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Wooden straight edge

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  • Wooden straight edge

    In anticipation of the need to setup the wings and extensions of my new table saw I decided it was time to have a real straight edge in the shop. I didnt have the desire for anything too fancy and in the end went for a set by Fulton from Peachtree. They arrived today with perfect timing as the saw got assembled yesterday. I just checked out the main table of the saw and it was pretty dang good when measuring across the diagonals with the biggest gap I could measure being no more than 4 or 5 thous. right at the edge of one corner might be a bit low at .008/9 but that's still within the manufacturing tolerance which Sawstop quotes as .010. I am pretty happy.

    Now to the topic of this post. Quite a few years ago in need of a straight edge and not having one, I made a pair of wooden ones, yes straight edges made from wood! I had found more than one article explaining how to do this and how the choice of wood and the design mitigates the issue of wood moving. I was skeptical but it all worked and they have served me well for years. Having just received the machined metal straight edges I compared the measurements I took with them with my wooden versions. FYI these have never been trued or changed since I made them which was at least 5 years ago and here in AZ they will have experienced temps from freezing to 120F and humidity from less than 10% to more than 70%. In this non scientific test I would say they produced results pretty close to the new metal edges +/- .001" !!!

    At the end of the day we are woodworkers not machinists and work with an imperfect and ever changing medium. If we can get close to 1/64" (~0.016") worth of accuracy that's pretty amazing and even then it can shrink/grow by a 1/4 or even 1/2 each year. I was really amazed at how a straight edge made from wood held its own against a metal one.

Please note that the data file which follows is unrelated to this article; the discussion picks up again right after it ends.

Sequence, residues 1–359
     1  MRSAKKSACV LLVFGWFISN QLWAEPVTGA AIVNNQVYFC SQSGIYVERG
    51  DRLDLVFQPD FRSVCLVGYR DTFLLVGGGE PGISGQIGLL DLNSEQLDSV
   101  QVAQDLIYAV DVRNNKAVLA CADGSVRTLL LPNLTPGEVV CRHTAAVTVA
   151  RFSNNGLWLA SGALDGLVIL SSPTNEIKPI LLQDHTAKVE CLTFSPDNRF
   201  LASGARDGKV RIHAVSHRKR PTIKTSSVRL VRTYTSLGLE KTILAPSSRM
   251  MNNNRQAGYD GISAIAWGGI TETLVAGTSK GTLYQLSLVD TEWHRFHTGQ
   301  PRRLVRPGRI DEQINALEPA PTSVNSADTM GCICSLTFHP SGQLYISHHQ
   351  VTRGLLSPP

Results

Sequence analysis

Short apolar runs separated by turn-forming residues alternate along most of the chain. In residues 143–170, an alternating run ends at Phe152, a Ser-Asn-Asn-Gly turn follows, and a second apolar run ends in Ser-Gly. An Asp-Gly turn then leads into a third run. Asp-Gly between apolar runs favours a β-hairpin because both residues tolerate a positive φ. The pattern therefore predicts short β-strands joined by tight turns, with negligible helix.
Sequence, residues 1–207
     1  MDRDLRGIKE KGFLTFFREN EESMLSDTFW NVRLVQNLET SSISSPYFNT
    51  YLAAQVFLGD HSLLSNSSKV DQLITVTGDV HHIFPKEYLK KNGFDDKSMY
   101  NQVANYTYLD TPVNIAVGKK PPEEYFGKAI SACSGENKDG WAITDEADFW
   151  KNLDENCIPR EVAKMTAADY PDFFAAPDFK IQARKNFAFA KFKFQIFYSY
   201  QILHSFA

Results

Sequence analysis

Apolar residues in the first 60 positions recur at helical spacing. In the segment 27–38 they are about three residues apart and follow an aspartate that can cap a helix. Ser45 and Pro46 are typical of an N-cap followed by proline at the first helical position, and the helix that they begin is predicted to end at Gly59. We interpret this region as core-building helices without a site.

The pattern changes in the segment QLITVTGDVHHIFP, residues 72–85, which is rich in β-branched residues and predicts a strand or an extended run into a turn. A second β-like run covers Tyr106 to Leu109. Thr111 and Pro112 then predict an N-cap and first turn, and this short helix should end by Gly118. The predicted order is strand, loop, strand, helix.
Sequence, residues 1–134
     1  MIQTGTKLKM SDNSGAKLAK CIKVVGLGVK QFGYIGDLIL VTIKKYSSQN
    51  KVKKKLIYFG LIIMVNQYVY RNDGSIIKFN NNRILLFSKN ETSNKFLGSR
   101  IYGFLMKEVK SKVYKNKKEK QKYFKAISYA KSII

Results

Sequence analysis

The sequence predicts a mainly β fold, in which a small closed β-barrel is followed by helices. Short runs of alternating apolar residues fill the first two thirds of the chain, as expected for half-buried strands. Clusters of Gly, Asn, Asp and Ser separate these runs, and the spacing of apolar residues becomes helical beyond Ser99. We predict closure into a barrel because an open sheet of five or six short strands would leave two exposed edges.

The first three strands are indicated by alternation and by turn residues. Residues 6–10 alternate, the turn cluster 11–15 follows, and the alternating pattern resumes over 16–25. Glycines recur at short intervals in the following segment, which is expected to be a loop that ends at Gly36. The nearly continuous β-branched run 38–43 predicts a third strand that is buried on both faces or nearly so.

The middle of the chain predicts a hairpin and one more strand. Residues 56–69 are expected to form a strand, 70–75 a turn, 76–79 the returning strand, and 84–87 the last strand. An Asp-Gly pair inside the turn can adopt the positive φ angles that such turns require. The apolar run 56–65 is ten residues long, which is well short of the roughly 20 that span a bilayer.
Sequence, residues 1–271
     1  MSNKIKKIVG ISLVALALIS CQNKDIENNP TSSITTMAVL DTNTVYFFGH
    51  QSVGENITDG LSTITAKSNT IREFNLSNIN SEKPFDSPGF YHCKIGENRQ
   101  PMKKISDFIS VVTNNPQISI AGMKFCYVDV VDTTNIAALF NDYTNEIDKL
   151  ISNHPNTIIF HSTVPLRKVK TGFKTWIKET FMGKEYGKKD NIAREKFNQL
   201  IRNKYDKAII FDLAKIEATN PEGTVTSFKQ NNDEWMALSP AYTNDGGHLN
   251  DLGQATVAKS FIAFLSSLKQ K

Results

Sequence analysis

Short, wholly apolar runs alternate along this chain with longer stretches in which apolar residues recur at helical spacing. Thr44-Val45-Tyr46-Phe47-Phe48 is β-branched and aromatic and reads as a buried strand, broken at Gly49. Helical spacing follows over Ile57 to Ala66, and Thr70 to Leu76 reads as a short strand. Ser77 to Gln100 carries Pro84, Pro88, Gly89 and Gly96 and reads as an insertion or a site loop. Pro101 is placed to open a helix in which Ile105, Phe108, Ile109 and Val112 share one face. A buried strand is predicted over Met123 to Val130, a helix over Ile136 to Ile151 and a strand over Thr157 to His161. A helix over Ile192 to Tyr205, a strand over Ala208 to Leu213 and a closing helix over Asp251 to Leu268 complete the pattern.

Jon
    Jon

    Phoenix AZ - It's a dry heat
    ________________________________

    We all make mistakes and I should know I've made enough of them
    techzibits.com

  • #2
    If you don't have some reliable straight edges like Jon,
    you can get some 4-foot or 6-foot levels that are going to be pretty straight. for a reasonable amount of money.
    Last edited by LCHIEN; 06-01-2021, 07:18 PM.
    Loring in Katy, TX USA
    If your only tool is a hammer, you tend to treat all problems as if they were nails.
    BT3 FAQ - https://www.sawdustzone.org/forum/di...sked-questions

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    • #3
      In addition to the long levels that will be useful forever, I have a six foot long aluminum bar stock that I bought decades ago at a big box store for use as a long straightedge. It was inexpensive, light weight, and is easy to tape to things for hands free use.
      Jim Frye
      The Nut in the Cellar.
      ”Sawdust Is Man Glitter”

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      • #4
        The 6' aluminum bar stock I bought for a straightedge also lent itself to an additional tool. It also serves as a trammel bar for laying out large radius curves. I used some red oak scraps and some 1/4x20 bolts to make the trammel bodies. Nothing fancy, nor terribly ingenious, but they work. Click image for larger version

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        Jim Frye
        The Nut in the Cellar.
        ”Sawdust Is Man Glitter”

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